Varsity Robotics · Robotics: Robots Clash in Regional High School Tournament

Senior 2526 team member Alex Haidle (right) discusses his experience this weekend.

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The Duluth Entertainment and Convention Center is bustling this weekend. Starting Friday and going through Saturday, more than 120 high school robotics teams from across the country are gearing up, computing, and battling each other in two separate regional tournaments.

Think of it as Medieval Times meets Star Trek while competing in a Gladiator-like arena.

Event organizer Mark Lawrence knows not to take the competitiveness in these kids lightly.

“We really found a sweet spot with the students in schools. They weren’t the kids that are necessarily ever going to play football or basketball or something like that, but they’re very competitive,” said Lawrence.

Nate Janzig, a senior at Hermantown High School, says preparing and participating in the battles aren’t just fun, they’re stepping stones in life.

“This is what we are. This is what we do. It’s fun, and I wait all year to come do this,” said Janzig.

Janzig says although the event just a couple days long, the competition actually began weeks ago.

“We all have the common goal. We all worked 6 weeks. We all worked as hard as we could, and to see what we’ve been working on finally unravel…we’re actually doing it now,” said Janzig.

Even after weeks of preparation, many teams are going through last-minute details just before the start of each battle.

Alex Haidle, a member of Crimson Robotics #2526 representing Maple Grove High School, says he’s communicating with other teams so that everyone is on the same page.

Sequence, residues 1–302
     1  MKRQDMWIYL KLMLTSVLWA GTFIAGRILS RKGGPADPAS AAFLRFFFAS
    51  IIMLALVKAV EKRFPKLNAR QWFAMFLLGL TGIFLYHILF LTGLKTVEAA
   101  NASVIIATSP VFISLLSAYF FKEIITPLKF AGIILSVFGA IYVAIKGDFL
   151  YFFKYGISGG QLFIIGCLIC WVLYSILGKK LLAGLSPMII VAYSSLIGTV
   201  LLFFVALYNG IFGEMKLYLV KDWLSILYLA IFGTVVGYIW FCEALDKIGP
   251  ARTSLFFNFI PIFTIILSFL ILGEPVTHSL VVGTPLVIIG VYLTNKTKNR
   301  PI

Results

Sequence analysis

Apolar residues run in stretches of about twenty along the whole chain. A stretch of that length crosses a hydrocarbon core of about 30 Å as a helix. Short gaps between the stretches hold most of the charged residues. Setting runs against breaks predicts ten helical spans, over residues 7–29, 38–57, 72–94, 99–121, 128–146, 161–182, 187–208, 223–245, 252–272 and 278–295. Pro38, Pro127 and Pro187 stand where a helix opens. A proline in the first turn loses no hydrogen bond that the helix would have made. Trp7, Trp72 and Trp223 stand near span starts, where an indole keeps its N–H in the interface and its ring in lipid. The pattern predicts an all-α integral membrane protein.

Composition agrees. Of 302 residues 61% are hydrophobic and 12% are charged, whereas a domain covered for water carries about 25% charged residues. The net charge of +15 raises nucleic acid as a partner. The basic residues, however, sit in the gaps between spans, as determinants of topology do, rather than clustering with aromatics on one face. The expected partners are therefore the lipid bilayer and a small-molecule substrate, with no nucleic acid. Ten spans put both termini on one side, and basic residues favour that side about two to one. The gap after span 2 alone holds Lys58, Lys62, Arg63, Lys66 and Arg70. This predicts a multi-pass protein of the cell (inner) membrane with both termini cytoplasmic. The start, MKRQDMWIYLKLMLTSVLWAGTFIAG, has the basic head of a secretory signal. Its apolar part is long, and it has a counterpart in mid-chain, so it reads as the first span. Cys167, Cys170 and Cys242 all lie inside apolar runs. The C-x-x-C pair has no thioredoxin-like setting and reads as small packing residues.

“We’re running through a game plan with our alliance partners…trying to get an idea what we are going to do once the buzzer starts, what controls are we hitting…that kind of a thing,” said Haidle.

As each match nears, emotions climb.

“I’m pumped. Yeah, we’re pumped and ready to go,” said Haidle.

But Haidle says the pressure doesn’t become overbearing.

“I always thought the energy outweighs the pressure, because you walk up to the stands and you here your team cheering for you and you see everybody. Everybody is just so happy to see you…it just makes the energy a lot better,” said Haidle.

“Everyone is cheering for you or against and you’re just…you gotta take all that emotion and run with it,” said Janzig.

Like many of their favorite athletes, the kids in this arena are hoping to walk out champions.

“I guess it’s like winning the state tournament or something for hockey…I feel the same exact thing. You go out and you’re just the best out there. I can’t compare it to anything,” said Janzig.

Both regional tournaments come to an end on Saturday. Then, six teams will be sent to the national robotics tournament in St. Louis, Missouri this spring.

The event is open to the public and is free to attend.